Janssen’s investigational Ebola vaccine regimen was developed in a collaborative research program with the National Institutes of Health (NIH) and received direct funding and preclinical services from the National Institute of Allergy and Infectious Diseases (NIAID), part of NIH, under Contract Numbers HHSN272200800056C, and HHSN272201000006I and HHSN272201200003I, respectively. The MVA-BN-Filo material used in Phase 1 studies was produced under NIAID/Fisher BioServices contract #FBS-004-009 and NIH contract HHSN272200800044C.
The results of the Phase 1 data published in JAMA are generated under Europe’s Innovative Medicines Initiative (IMI) grant agreement EBOVAC1 (grant nr. 115854). Janssen’s partners in EBOVAC1 are the leading global research institutions the London School of Hygiene & Tropical Medicine, the University of Oxford, and Inserm, the French National Institute of Health and Medical Research. The IMI2 Joint Undertaking receives support from the European Union’s Horizon 2020 research and innovation programme and the European Federation of Pharmaceutical Industries and Associations (EFPIA). Additionally, the NIHR Oxford Biomedical Research Centre provides support to the Oxford Vaccines Group, which conducted the Phase 1 study.
This vaccine program also receives funding up to $28.5 million from the Biomedical Advanced Research and Development Authority (BARDA), part of the U.S. Department of Health and Human Services, under contract HHSO100201500008C.
About Johnson & Johnson
Caring for the world one person at a time inspires and unites the people of Johnson & Johnson. We embrace research and science – bringing innovative ideas, products and services to advance the health and well-being of people. Our approximately 126,400 employees at more than 230 Johnson & Johnson operating companies work with partners in health care to touch the lives of over a billion people every day, throughout the world.
Our Commitment to Global Public Health
For 130 years, Johnson & Johnson has been committed to improving the health of individuals, families and communities around the world, including the most vulnerable populations. Today, our vibrant, entrepreneurial and committed employees bring business acumen and their collaborative spirit to help solve some of the most complex global health problems. By harnessing our collective breadth and scale, and our employees’ passion and purpose, we strive to advance health care and positively impact the lives of all people.
About the Janssen Pharmaceutical Companies
At the Janssen Pharmaceutical Companies of Johnson & Johnson, we are working to create a world without disease. Transforming lives by finding new and better ways to prevent, intercept, treat and cure disease inspires us. We bring together the best minds and pursue the most promising science. We are Janssen. We collaborate with the world for the health of everyone in it. Learn more at www.janssen.com. Follow us at @JanssenGlobal.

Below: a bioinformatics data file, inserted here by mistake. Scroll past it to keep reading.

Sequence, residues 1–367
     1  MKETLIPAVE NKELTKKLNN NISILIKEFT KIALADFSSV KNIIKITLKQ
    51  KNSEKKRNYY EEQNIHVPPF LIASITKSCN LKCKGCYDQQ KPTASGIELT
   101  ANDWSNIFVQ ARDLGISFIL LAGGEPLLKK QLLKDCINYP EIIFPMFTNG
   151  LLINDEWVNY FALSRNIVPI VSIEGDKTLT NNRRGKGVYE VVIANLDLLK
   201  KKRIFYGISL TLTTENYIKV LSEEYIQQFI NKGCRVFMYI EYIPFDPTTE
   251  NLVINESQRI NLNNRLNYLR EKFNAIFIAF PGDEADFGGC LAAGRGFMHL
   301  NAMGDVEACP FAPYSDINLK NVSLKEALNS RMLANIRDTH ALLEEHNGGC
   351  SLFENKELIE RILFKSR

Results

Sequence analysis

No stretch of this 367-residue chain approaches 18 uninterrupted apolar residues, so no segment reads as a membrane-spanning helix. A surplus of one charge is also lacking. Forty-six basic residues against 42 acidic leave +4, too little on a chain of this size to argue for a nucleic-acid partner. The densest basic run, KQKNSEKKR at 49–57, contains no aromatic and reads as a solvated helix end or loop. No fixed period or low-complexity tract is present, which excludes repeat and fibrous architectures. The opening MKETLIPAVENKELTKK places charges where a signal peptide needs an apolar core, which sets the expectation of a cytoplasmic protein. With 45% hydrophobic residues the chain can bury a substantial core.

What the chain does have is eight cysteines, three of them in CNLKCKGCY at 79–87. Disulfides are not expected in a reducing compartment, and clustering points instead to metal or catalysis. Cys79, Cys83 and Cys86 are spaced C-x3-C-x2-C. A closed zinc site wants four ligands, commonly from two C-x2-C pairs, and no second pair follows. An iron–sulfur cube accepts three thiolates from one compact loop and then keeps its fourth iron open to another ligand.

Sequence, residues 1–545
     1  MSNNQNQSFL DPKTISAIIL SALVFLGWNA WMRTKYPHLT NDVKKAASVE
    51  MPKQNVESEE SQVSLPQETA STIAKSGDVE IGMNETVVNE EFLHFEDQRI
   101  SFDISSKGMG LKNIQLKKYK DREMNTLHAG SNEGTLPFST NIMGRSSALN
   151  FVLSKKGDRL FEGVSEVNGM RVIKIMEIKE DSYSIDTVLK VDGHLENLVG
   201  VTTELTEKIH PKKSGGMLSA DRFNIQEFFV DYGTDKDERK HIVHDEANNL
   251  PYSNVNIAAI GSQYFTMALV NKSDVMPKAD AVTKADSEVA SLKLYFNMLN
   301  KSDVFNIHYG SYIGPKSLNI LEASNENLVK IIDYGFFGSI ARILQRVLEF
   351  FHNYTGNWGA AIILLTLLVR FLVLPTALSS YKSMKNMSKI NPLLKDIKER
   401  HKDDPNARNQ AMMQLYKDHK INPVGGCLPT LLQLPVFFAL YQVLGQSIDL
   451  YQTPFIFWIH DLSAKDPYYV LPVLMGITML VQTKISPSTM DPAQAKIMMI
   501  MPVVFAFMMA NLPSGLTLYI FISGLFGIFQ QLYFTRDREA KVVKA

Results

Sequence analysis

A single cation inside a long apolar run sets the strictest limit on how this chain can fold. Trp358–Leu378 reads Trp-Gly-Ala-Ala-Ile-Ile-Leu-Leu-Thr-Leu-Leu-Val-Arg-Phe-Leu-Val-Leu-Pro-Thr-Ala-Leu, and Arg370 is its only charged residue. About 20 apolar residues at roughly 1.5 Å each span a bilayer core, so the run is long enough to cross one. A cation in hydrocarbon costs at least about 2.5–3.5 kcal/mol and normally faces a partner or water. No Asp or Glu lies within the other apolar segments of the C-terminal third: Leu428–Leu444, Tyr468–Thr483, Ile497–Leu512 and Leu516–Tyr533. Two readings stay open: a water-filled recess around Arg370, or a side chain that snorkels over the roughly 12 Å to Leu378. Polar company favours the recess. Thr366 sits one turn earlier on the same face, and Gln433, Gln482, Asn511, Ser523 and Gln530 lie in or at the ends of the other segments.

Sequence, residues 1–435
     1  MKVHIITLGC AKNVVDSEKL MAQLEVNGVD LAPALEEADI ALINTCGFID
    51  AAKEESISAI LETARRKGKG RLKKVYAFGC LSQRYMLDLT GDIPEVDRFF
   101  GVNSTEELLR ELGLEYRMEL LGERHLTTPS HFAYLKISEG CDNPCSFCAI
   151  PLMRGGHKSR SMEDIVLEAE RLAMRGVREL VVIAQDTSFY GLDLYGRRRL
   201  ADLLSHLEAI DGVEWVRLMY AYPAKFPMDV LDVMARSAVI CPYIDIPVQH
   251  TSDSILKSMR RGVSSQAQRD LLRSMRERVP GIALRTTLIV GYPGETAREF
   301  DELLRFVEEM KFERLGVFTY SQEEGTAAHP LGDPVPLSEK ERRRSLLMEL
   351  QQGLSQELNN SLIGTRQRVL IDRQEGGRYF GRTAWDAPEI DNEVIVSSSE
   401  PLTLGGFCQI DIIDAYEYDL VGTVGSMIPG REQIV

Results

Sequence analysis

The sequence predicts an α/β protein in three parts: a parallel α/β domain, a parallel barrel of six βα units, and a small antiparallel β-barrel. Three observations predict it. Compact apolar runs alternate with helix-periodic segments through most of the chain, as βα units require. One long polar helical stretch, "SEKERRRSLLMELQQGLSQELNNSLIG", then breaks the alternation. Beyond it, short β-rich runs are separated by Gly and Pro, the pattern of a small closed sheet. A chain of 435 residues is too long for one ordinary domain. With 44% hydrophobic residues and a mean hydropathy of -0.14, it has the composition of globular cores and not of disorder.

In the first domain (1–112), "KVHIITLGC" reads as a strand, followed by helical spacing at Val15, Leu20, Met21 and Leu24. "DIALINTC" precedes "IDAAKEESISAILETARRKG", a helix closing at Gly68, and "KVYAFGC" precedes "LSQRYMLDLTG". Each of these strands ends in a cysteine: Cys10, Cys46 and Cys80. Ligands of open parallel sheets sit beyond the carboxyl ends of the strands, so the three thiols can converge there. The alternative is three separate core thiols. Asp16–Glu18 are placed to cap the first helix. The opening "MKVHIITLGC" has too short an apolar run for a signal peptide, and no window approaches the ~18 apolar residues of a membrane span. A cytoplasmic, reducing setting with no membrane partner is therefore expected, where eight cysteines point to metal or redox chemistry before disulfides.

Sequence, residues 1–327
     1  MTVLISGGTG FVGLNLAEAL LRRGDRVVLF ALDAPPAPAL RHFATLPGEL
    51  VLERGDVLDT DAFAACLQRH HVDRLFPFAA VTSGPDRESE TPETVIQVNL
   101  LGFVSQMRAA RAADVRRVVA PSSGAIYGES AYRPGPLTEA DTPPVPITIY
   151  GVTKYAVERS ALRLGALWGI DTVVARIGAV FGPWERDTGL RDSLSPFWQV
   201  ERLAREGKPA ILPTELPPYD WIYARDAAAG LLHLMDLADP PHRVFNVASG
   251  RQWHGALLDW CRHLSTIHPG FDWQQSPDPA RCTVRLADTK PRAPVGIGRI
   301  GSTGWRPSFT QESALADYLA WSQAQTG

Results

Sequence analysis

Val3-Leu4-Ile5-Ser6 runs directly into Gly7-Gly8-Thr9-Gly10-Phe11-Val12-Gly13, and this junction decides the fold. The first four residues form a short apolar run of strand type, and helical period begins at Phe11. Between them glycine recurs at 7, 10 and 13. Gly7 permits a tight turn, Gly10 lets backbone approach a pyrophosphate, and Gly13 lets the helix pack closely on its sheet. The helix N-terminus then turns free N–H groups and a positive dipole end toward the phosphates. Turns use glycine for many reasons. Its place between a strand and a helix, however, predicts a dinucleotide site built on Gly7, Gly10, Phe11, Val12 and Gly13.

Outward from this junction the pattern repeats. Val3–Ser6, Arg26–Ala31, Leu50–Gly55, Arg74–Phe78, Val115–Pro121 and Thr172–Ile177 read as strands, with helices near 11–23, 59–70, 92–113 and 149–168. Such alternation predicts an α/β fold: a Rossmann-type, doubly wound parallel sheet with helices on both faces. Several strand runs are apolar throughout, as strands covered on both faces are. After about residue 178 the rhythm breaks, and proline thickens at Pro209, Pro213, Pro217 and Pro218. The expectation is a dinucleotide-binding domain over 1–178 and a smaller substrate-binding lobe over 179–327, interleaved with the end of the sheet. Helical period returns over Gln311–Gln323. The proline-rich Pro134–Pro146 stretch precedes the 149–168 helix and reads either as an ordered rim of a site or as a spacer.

Cautions Concerning Forward Looking Statements
This press release contains "forward-looking statements" as defined in the Private Securities Litigation Reform Act of 1995 regarding development and production capacity of an Ebola vaccine regimen. The reader is cautioned not to rely on these forward-looking statements. These statements are based on current expectations of future events. If underlying assumptions prove inaccurate or known or unknown risks or uncertainties materialize, actual results could vary materially from the expectations and projections of the Janssen Pharmaceutical Companies and/or Johnson & Johnson. Risks and uncertainties include, but are not limited to: challenges and uncertainties inherent in product research and development, including the uncertainty of clinical success and of obtaining regulatory approvals; the uncertainty of commercial success, including uncertainty regarding the level of demand for a vaccine against Ebola; manufacturing difficulties and delays, including the challenges and risks involved in large-scale production of a vaccine; competition, including technological advances, new products and patents attained by competitors; challenges to patents; changes to applicable laws and regulations, including global health care reforms; and trends toward health care cost containment. A further list and description of these risks, uncertainties and other factors can be found in Johnson & Johnson's Annual Report on Form 10-K for the fiscal year ended January 1, 2017, including in the sections captioned “Cautionary Note Regarding Forward-Looking Statements” and “Item 1A. Risk Factors,” and the company's subsequent filings with the Securities and Exchange Commission. Copies of these filings are available online at www.sec.gov, www.jnj.com or on request from Johnson & Johnson. None of the Janssen Pharmaceutical Companies or Johnson & Johnson undertakes to update any forward-looking statement as a result of new information or future events or developments.